• M.T.A. Santana, H.H. Siqueira, K.C. Reis, L.C.O. Lima, R.J.L. Silva, Ciênc. Agrotec. 32, 882 (2008) [CrossRef] [Google Scholar]
  • P.S. Ritschel, J.D.G. Maia, U.A. Camargo, Bento Gonçalves: Embrapa Uva e Vinho, 2011 (Documentos 72) [Google Scholar]
  • G.W.B. de Melo, M. Botton, L.R. da Garrido. Produção Orgânica de Uva para Mesa, Embrapa Uva E Vinho 92 (2015) [Google Scholar]
  • C.V. Rombaldi, V.C. Ferri, M. Bergamaschi, L. Luchetta, M.R. Zanuzo, Rev. Bras. de Agroc. 10, 519 (2004) [Google Scholar]
  • E.A. Camargo, J. Tonietto, A. Hoffmann, Rev. Bras. Frutic. E., 144 (2011) [CrossRef] [Google Scholar]
  • J. Tonietto, V. Sotés, V. Gomez-Miguel, Clima, zonificación y tipicidad del vino en regiones vitivinícolas Iberoamericanas. CYTED, 411p (2012) [Google Scholar]
  • V.B. Costa, Efeito das condições climáticas na fenologia da videira européia em Santana do Livramento, Rio Grande do Sul. Tese. 89f (2011) [Google Scholar]
  • M.B. Sarmento, Diagnóstico da Vitivinicultura na Campanha Gaúcha: uma análise swot. Rev. Agropampa, 1, 65–85 (2016) [Google Scholar]
  • C. Malacrida, S. Motta, Compostos fenólicos totais e antocianinas em suco de uva. Ciênc. Tecnol. Aliment. 25, 659–664 (2005) [CrossRef] [Google Scholar]
  • L.A. Rizzon, V. Manfroi, J. Meneguzzo, Elaboração de suco na propriedade vitícola. Embrapa Uva e Vinho (1998) [Google Scholar]
  • L.A. Rizzon, M. Link, Composição do suco de uva caseiro de diferentes cultivares. Ciênc. Rural 36, 689–692 (2006) [CrossRef] [Google Scholar]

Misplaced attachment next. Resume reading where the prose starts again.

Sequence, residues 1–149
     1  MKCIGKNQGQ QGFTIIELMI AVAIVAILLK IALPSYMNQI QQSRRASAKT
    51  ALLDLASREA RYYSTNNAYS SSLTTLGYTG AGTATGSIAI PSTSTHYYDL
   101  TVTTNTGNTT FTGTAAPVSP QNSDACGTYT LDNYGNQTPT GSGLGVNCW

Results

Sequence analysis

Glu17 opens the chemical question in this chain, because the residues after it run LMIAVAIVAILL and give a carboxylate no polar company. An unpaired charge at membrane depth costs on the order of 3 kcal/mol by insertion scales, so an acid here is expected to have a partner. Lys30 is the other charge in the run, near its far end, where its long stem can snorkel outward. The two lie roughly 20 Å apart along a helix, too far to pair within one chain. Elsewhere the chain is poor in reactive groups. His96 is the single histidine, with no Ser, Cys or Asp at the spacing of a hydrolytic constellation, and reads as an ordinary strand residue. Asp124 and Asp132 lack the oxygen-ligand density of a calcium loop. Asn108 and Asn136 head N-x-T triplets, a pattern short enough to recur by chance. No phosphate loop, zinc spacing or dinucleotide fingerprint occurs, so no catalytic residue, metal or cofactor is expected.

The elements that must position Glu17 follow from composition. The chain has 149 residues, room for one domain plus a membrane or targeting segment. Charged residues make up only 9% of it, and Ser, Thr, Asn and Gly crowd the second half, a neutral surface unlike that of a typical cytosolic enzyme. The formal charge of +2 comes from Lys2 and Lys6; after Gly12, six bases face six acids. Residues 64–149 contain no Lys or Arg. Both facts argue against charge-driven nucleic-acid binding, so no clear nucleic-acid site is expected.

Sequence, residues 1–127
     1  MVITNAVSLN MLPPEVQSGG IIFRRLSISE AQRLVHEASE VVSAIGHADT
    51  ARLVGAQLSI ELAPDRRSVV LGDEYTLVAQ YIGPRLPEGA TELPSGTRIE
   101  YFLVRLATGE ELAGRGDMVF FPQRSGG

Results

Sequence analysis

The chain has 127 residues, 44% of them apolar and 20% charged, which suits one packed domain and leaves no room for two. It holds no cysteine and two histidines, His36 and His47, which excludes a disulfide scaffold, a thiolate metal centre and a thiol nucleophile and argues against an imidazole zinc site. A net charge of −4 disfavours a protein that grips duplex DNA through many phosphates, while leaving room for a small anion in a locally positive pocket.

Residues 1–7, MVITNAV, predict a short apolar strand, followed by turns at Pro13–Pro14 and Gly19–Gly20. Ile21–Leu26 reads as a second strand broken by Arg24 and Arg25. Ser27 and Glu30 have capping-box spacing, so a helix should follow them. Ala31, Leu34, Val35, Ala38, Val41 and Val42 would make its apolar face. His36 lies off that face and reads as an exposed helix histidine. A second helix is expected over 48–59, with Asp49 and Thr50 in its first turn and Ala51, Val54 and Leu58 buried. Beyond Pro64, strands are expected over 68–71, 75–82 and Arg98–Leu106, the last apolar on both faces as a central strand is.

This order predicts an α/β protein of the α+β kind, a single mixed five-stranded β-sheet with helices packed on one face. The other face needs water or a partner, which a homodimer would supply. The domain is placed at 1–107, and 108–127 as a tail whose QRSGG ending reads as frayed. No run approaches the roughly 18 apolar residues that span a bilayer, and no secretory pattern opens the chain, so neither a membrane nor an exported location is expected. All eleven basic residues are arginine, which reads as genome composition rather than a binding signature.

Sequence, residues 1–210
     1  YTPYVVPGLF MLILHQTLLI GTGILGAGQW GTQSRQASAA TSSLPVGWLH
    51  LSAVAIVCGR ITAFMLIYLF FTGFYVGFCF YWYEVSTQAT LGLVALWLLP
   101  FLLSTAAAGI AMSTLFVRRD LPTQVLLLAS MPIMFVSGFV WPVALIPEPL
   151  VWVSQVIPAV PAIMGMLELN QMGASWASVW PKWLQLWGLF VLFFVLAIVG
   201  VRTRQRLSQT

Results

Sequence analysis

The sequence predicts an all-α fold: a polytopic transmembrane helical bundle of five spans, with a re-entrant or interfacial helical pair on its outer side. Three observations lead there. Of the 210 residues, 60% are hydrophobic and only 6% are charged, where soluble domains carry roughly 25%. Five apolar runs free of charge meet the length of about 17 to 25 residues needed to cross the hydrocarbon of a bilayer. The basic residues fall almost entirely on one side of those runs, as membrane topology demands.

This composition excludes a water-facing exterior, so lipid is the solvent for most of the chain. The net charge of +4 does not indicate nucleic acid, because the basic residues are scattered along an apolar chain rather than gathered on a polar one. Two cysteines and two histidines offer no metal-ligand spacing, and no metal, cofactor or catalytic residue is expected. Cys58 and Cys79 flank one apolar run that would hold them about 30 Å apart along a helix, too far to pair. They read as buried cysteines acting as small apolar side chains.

• S.S. Flores, Desenvolvimento territorial sustentável a partir da vitivinicultura: o caso dos “Vinhos da Campanha”. 153 f. Dissertação (2011) [Google Scholar]
  • P. Ribéreau-Gayon, Y. Glories, A. Maujean, D. Dubourdieu, Handbook of Enology: The Chemistry of Wine Stabilization and Treatments (John Wiley & Sons, Ltd, 2006) [CrossRef] [Google Scholar]
  • Brasil. INSTRUÇÃO NORMATIVA N14, DE 08 DE FEVEREIRO DE 2018. Complementação dos Padrões de Identidade e Qualidade do Vinho e Derivados da Uva e do Vinho (2018) [Google Scholar]
  • A.T. Canossa, J. Reinehr, B.P. de Bem, R. Allenbandt, D.A. Wurz, A.A. Kretzchmar, Composição Química E Análise Sensorial Do Suco De Uva Elaborado Com Três Variedades Cultivadas Em Lages – Santa Catarina. Congrega (2017) [Google Scholar]
  • M.C.P. Dutra, M.S. Lima, A.P.A. Barros, R.J. Mascarenhas, A. Lafisca, Rev. Bras. Prod. Agroind. 16, 265 (2014) [Google Scholar]
  • V.C. Ferri, R.L. Sainz, P.S. Bandeira, Braz. J. Food Res. 8, 88 (2017) [CrossRef] [Google Scholar]

All Tables

Table 1.

Mean values of total acidity (mEq.L−1), volatile acidity (mEq.L−1), density, and pH for “Bordô” and “Concord” juices obtained from grapes produced in Dom Pedrito and Santana do Livramento, Rio Grande do Sul – Brazil. Pelotas, 2018.

Table 2.

Mean values of total soluble solids (Brix), color intensity, and color hue for “Bordô” and “Concord” juices obtained from grapes produced in Dom Pedrito and Santana do Livramento, Rio Grande do Sul – Brazil. Pelotas, 2018.

Current usage metrics show cumulative count of Article Views (full-text article views including HTML views, PDF and ePub downloads, according to the available data) and Abstracts Views on Vision4Press platform.

Data correspond to usage on the plateform after 2015. The current usage metrics is available 48-96 hours after online publication and is updated daily on week days.

Initial download of the metrics may take a while.